United States v. Shoshone Tribe of Indians
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304 U.S. 111 (1938)
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U.S. Supreme Court
United States v. Shoshone Tribe of Indians, 304 U.S. 111 (1938)
United States v. Shoshone Tribe of Indians
Argued March 31, April 1, 1938
Decided April 25, 1938
304 U.S. 111
CERTIORARI TO THE COURT OF CLAIMS
1. The opinion of the Court of Claims may not be referred to for the purpose of altering or modifying the scope of unambiguous findings. P. 304 U. S. 115.
2. The right of the Shoshone Tribe in the lands set apart for it under the treaty of July 3, 1868, with the United States included the mineral and timber resources of the reservation, and the value of these was properly included in fixing the amount of compensation due for so much of the lands as was taken by the United States. P. 304 U. S. 118.
3. The phrase "absolute and undisturbed use and occupation" in the treaty is to be read, with other parts of the treaty, in the light of the purpose of the arrangement made, the relation between the parties, and the settled policy of the Government to deal fairly with the Indian tribes. P. 304 U. S. 116.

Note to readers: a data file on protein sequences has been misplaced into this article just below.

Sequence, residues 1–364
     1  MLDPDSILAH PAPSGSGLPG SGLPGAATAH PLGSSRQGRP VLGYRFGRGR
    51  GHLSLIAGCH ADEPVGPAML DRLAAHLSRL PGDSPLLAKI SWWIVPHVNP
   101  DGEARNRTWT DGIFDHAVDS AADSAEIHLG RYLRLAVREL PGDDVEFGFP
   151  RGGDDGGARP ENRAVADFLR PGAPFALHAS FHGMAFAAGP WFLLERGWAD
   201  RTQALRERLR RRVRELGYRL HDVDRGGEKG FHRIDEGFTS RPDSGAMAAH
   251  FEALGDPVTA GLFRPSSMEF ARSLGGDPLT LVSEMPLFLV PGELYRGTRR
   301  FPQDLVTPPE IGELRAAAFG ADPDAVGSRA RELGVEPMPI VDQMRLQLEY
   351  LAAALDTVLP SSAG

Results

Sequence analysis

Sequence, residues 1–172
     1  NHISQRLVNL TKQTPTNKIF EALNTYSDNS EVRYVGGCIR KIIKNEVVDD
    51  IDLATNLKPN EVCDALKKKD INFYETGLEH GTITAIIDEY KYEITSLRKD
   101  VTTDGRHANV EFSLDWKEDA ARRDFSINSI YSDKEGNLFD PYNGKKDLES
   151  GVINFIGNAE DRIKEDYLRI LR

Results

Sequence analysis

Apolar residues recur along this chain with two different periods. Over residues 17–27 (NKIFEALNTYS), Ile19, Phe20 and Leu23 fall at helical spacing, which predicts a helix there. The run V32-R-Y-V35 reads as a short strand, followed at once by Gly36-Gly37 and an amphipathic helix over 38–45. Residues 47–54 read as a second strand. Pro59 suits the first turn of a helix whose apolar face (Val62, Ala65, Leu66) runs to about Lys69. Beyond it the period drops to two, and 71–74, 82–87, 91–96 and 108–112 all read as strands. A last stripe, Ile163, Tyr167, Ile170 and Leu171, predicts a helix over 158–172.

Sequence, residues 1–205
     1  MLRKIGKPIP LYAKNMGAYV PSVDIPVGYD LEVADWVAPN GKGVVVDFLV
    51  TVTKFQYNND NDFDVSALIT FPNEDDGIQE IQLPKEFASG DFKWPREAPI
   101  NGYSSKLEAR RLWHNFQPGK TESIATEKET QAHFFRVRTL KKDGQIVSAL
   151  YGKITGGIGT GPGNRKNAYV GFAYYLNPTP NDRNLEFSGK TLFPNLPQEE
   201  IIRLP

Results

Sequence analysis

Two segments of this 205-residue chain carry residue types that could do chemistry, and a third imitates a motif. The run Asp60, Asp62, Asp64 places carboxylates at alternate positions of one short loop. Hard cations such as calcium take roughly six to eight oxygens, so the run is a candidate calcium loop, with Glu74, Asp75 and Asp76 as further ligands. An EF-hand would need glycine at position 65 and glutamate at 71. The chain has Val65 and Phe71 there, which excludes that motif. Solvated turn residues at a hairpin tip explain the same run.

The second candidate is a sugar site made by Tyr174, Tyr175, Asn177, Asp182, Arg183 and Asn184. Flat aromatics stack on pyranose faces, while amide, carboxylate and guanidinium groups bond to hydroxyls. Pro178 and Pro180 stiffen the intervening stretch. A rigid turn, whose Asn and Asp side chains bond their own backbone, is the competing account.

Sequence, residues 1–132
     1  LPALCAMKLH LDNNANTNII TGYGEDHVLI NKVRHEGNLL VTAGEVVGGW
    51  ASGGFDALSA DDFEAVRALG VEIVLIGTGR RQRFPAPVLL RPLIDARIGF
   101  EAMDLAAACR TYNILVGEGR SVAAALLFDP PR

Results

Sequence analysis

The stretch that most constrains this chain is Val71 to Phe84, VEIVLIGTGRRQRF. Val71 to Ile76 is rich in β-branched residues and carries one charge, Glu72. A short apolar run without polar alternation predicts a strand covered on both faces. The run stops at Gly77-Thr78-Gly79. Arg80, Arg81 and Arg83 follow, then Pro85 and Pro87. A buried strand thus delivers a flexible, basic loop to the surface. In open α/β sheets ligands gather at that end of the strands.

4. Treaties made by the United States with Indian tribes are not to be construed narrowly, but rather in the sense in which naturally the Indians would understand them. P. 304 U. S. 116.
85 Ct.Cs. 331 affirmed.
Certiorari, 303 U.S. 629, to review a judgment against the United States in a suit brought by the Indian Tribe under the special jurisdictional Act of March 3, 1927. For an earlier phase of the case, see 299 U. S. 299 U.S. 476.
MR. JUSTICE BUTLER delivered the opinion of the Court.
The Shoshone Tribe brought this suit to recover the value of part of its reservation taken by the United States by putting upon it, without the tribe's consent, a band of Arapahoe Indians. The Court of Claims found the taking to have been in August, 1891, ascertained value as of that date, on that basis fixed the amount of compensation, and gave judgment accordingly. We held, 299 U. S. 299 U.S. 476, that the court erred as to the date of the taking, declared it to have been March 19, 1878, reversed the judgment, and remanded the case for further proceedings. Then the lower court proceeded to determine the value of the tribe's right at the time of the taking, and the amount to be added to produce the present worth of the money equivalent of the property, paid contemporaneously with the taking. It heard evidence, made additional findings, and gave plaintiff judgment for $4,408,444.23, with interest from its date until paid. This Court granted writ of certiorari.
The sole question for decision is whether, as the United States contends, the Court of Claims erred in holding that the right of the tribe included the timber and mineral resources within the reservation.